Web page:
I knew I had seen this plan somewhere, finally found it in an old notebook,
then found it on Woodworkers Workshop free plan list. I originally got it as
free plan of the month from Wood Magazine. It's simple, knockdown, uses 1
sheet of 3/4" plywood.
(Amazon.com product link shortened)
(watch out for the wrap)
The first myth of management is that management exists.
Check out Aldren Watson's book _Hand Tools: Their Ways and
Workings_. In it is a simple design for a sawhorse that also serves
for ripping boards. It's easy to make and it consists mostly of
2x4's. It can easily be modified to suit your own needs.
FWIW, if you are at all interested in using handtools, this book is
Haven't got a plan, but here's a suggestion to go along with almost all the recommendations, especially the one from Morris Dovey comes closest to what I'm talking about.
Make the top so it's sort of a mini-bench as suggested, but also make the top a tray for holding parts. In Morris' pic, widen the top just a bit and then put a thin sheet of 1/4" underneath the vertical 2x4's d(or whatever). Be sure to put in accesses in case rain, spills of whatever, sawdust, dirt etc can be dropped thru for cleaning.
Another thought: These special horses sometimes turn out rather on the heavy side & when you're disabled as I am that extra weight can be a problem. I've found that 2x2's, even 1x3's glued together at right angles can make near equal-strength legs. You can't skimp on the cross pieces though unless you know something smaller will work.
Just my t bucks' worth
I've built several different styles of sawhorses. I found that no matter
what style or size I chose, I was constantly battling the balance between
stability, size and storage space. When you go for foldup or collapsable
styles, you begin giving up stability, in my experience.
Recently, Home depot and Lowe's started carrying a collapsable steel
sawhorse that is absolutely marvelous in how little space it takes, yet is
very stable. I decided I could not do better than a pair of these. They
cost about $19/each, have adjustable height, and measure 2" x 6" x 38" when
folded up. You can bolt a wood work surface to the top.
Yep... Used the steel ones for past 10 years. Excellent units and stow very efficiently.
Recently, I bought a pair of the new Skill plastic ones due to the weight of the steel ones getting heavier and heavier as I progress in years. I love them... light as a feather and I can't believe how much load they take. Only $20 bucks for a pair. At that price and considering the cost of wood these days, how can you go wrong? Try'em, you'll love'em!
I still got the others but only use them when I have help... Just too dang heavy at my age.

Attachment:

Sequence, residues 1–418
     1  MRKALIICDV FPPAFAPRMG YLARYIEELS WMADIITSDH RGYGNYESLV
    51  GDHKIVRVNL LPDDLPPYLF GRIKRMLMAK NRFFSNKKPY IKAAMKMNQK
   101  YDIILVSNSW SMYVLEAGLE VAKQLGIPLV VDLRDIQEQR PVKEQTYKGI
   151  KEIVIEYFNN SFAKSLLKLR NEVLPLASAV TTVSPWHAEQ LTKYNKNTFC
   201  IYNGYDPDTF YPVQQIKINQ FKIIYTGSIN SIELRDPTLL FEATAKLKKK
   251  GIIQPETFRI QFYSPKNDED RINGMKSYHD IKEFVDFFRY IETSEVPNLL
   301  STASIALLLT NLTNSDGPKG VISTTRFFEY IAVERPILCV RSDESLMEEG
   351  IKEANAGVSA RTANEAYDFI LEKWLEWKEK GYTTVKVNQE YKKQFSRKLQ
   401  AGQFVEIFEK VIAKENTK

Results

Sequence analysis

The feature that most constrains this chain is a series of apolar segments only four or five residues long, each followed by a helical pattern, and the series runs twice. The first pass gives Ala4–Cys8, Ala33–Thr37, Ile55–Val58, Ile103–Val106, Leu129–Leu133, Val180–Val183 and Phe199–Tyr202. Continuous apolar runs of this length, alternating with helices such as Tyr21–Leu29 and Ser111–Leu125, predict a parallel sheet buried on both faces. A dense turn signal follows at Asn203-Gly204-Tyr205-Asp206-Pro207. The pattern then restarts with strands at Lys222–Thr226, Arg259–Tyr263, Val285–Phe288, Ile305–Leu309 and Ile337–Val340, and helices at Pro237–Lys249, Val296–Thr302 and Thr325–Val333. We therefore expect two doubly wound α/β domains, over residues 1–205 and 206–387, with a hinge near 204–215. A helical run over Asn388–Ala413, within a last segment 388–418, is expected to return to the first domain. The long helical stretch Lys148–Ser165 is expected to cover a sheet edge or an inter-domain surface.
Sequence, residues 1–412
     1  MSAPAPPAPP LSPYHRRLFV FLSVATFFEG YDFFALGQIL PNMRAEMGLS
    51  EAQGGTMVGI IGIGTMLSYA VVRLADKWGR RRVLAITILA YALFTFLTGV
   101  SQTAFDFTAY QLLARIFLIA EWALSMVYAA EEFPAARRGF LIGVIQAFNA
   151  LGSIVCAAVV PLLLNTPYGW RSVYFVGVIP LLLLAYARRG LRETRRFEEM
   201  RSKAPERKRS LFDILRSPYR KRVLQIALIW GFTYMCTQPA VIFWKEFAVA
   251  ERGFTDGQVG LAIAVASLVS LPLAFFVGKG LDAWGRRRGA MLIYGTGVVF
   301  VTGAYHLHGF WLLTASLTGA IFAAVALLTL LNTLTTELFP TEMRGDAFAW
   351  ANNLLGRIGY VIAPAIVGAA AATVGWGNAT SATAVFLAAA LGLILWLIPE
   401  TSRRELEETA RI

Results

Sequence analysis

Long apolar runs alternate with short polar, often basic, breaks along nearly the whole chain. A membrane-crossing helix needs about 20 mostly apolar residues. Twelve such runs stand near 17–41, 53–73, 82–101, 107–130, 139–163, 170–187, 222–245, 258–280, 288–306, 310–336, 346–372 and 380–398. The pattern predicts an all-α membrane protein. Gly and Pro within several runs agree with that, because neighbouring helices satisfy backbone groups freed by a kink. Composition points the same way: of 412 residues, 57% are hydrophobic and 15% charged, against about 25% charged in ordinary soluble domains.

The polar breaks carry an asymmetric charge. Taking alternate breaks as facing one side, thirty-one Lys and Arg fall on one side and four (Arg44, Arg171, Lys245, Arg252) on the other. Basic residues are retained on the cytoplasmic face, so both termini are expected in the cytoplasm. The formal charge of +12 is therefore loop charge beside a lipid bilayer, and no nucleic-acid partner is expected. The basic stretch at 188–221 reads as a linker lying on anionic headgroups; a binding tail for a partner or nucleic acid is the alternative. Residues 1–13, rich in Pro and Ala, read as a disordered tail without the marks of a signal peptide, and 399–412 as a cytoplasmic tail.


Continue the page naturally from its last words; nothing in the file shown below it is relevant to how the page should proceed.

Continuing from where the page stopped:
Home depot and Lowe's started carrying a collapsable steel<BR>sawhorse that is
absolutely marvelous in how little space it takes, yet is<BR>very stable. I
decided I could not do better than a pair of these. They<BR>cost about
$19/each, have adjustable height, and measure 2" x 6" x 38" when<BR>folded
up. You can bolt a wood work surface to the
They look like they all came out of the same Chinese factory to me, except
for color. Home depot orange just arrived. Lowe's are black. I can tell
you that HD and Lowe's are identical. They look just like the LV picture
and are very stout.
I bought these ones from Lee Valley Tools about 10 years ago. Mine were
fixed height and shortly after I'd bought them, the adjustable height ones
came out. Contacted Lee Valley support and they exchanged a pair of new
adjustable height ones for my used fixed height pair. And it's made a world
of difference considering my height limitations. Can't ask for more than
Those adjustable ones are nice, but $100+ is pretty steep for what
you're getting. If you get a non-adjustable type, you might consider
the $10 Homier set. They're pretty stable and fold up easily. Go to
Homier.com and search for item 04377.
I got a pair of these myself. They are wonderful... Once setup. Does
anyone have a better idea for quick assembly and disassembly to
replace the &*$%! wing nuts that are standard? My meat hooks fumble
around with these things too much. I tried looking for a cauter(sp?)
pin, but couldn't find one that would work right. Maybe some kind of
quick-release nut that doesn't require spinning.
Or, I could just suck it up and stop bitching :)
I bought a set of the heavy duty folders from Home Depot too, and love them.
The legs adjust to about four different heights and their load capacity
varies depending on the height (1,200 lb. at lowest setting, deduct 200 lb
for each upward adjustment). You can screw 2x to the top to allow nailing,
clamping or screw down of projects.
I set these up during a couple of remodel projects with a 12" miter saw
mounted on 8' 2x6's on one side and an old hollow core door on the other
side. The door held up my jig saw and a small sanding station and still
provided about 3-4' of portable work space. The whole thing sets up in
about 20 minutes and is as solid as a rock.
I also use them to hold up a "quick and dirty" plywood bench in my garage.
I throw the 2x4 edged 4' x 4' plywood surface on top of the folders to
provide temporary work space in about two minutes.
Considering cost and utlity provided by the folders, it is hard to justify
building sawhorses. Lowe's has them too. They are usually painted bright
yellow, have a side handle, and are fairly heavy.
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